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The Independent   December 10, 2013


Ditch French and German lessons for Mandarin, says David Cameron as his visit to China draws to a close

David Cameron has thrown his weight behind efforts to prioritise the teaching of Mandarin in UK schools. The Prime Minister, speaking on the last leg of his visit to China, urged them to...



The Independent   December 9, 2013


Play's the thing: Globe Theatre wants learning Shakespeare to be fun, not a chore

The days of pupils sitting in rows reciting Shakespeare plays in the classroom may be numbered. Instead, teachers are being encouraged to use interpretive dance and drama to bring the Bard's words to life. These include using...


St Georges   November 18, 2013


Business English Common Mistakes

Business English common mistakes should be eliminated, so that...





St Georges   November 17, 2013


Steve Jobs Presentation Skills - VIDEO Business English

Steve Jobs Presentation Skills - something to marvel at. His keynote speeches were like a concert or a show, rather than the CEO of a big corporation speaking at an AGM. He elevated the art of public speaking to a new level with his own unique style. Can you imagine...



Financial Times   October 30, 2013


Who Owns English in a Global Market

Are the rules set by people who grew up speaking the language or those who learnt it later?






The Guardian   October 30, 2013


For Who the Bell Tolls: One Man's Quest for Grammatical Perfection by David Marsh -
Book Review

WHAT IS THE DIFFERENCE BEWTEEN "LET'S EAT, GRANDMA" AND "LET'S EAT GRANDMA"


The New York Times   October 23, 2013


Test Yourself | E.L.L. Practice

When have you ever seen a magician perform? What tricks do you remember? How do you think the magician did those tricks? Tell a partner what you saw.





The Financial Times   October 20, 2013


Fluent in English, Greek, French, Italian and dollars

Sir, On the subject of being bilingual or multilingual (Letters, October 17 and October 18) in response to Michael Skapinker's column ("Mystery of acquiring another language", October 17), the language...



The Financial Times   October 19, 2013


Ultimate Test for the (almost) Bilingual

Sir, While agreeing with Michael Skapinker ("Mystery of acquiring another language", Comment, October 17) that some people do appear able to learn languages more easily than others, and that the reason remains something of a mystery, I would add two further complications to the story.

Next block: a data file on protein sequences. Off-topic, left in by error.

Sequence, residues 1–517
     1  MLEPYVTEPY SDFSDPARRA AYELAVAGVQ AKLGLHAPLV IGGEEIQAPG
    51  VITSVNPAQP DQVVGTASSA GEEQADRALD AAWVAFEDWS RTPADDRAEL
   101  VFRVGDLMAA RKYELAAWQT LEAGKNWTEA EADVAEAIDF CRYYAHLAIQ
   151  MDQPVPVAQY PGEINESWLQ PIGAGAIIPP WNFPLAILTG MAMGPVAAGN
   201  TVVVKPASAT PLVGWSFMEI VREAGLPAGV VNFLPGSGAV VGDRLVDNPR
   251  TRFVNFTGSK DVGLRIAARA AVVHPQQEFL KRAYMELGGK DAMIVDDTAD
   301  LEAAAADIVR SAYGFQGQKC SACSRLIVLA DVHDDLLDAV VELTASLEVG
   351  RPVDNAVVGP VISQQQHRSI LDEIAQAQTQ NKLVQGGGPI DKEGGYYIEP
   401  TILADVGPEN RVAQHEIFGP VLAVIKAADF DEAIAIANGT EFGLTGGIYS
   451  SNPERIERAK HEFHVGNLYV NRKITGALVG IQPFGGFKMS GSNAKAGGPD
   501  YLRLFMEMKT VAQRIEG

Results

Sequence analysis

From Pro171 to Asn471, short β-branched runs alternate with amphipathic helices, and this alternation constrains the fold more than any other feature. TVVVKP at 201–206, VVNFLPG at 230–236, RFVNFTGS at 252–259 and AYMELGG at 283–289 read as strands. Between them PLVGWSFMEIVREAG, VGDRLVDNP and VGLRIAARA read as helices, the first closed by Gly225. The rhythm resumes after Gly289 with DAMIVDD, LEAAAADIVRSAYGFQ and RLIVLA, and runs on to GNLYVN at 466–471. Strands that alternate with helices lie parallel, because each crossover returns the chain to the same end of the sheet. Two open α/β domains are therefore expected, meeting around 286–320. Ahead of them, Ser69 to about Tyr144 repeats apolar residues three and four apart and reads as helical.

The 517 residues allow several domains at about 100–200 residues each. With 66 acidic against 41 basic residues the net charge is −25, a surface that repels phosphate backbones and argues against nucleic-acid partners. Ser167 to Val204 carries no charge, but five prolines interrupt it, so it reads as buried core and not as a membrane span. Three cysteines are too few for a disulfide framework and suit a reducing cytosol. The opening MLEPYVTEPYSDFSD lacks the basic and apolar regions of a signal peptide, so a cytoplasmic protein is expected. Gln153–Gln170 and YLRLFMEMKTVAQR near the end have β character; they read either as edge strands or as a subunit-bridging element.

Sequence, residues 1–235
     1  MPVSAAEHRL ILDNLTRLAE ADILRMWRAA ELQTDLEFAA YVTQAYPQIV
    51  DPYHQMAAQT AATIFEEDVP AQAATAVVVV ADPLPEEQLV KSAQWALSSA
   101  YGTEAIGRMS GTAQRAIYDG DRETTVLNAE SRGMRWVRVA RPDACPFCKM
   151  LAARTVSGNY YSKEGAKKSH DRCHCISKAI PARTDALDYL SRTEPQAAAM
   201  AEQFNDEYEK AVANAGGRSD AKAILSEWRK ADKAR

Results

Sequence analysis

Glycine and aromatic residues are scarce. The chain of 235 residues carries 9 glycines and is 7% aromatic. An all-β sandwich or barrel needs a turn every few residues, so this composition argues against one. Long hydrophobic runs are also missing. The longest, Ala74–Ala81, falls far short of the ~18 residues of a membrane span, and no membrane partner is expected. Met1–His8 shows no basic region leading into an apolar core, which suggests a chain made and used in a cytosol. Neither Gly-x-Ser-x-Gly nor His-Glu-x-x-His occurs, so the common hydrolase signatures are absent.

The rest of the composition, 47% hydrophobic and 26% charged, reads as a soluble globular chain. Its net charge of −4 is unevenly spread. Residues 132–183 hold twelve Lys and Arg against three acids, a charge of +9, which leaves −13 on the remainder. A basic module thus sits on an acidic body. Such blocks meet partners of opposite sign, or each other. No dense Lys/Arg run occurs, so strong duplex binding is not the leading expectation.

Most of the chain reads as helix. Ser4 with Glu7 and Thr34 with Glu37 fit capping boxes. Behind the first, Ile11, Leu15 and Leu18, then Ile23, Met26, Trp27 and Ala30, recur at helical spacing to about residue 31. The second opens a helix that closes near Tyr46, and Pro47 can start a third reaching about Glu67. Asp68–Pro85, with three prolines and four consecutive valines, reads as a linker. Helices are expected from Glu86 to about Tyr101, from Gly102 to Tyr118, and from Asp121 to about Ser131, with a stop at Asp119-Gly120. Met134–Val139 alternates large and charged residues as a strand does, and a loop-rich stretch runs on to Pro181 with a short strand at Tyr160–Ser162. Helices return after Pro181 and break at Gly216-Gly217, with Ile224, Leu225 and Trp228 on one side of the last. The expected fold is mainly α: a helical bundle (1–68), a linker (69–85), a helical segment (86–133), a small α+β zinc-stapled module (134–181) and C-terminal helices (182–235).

The Financial Times   October 18, 2013


Dinner for Eight Mother Tongues

Sir, Michael Skapinker ("Mystery of acquiring another language", October 17) quotes an expert on bilingualism: "When you meet people who tell you they speak four or five languages fluently ... don't take this claim very seriously." The expert has clearly never visited...






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BUSINESS ENGLISH
TIP OF THE WEEK

Every week we publish a business English tip concerning different aspects of business English. Topic areas include writing, speaking, listening, grammar, vocabulary, pronunciation, exams as well as general English. Just click.

October 14, 2013: Methodology for Learning New Vocabulary

Here are some methods you can use to learn new vocabulary.
When you see a new vocabulary item (new word), always ask these questions:

Is it positive, neutral or negative?

Beautiful is a positive word
Ugly is a negative word
Negotiate is not positive or negative, so it's neutral

Is it formal or informal (casual)?

Cool is a casual word
Negotiate is a formal word

Is it a vocabulary item or an Idiom?

What did you do? (uses vocabulary)
What did you get up to? (uses an idiom / idiomatic phrase)
Negotiate is not positive or negative, so it's neutral

Does the word have a prefix or suffix that you know? (may give you a hint)

Prefix: Unhappy, unfriendly ('un' often a negative prefix)
Suffix: Careless, thoughtless ('less' often a negative suffix)
If you see a new vocabulary item, such as 'undisciplined', you can take a guess that it may be a negative word from looking at the negative prefix, even if you do not know what the word means.

Is it a noun, adjective, verb or adverb?

Can the word be used only as a noun?
Can the word be used as both a verb and an adjective?
Can the word by used as an adverb?

Which context / situation should the word be used in?

'Negotiate' is a strong verb for formal business situations, such as negotiating a contract with a client.
'Negotiate' should not be used in social situations like two friends arguing over paying for drinks at KTV.

Create your own example, preferably about your life,
to demonstrate (show) understanding of the new word; this makes it easier to remember.

I negotiated my salary package with the HR Manager.
I negotiate the delivery date and price with our clients.


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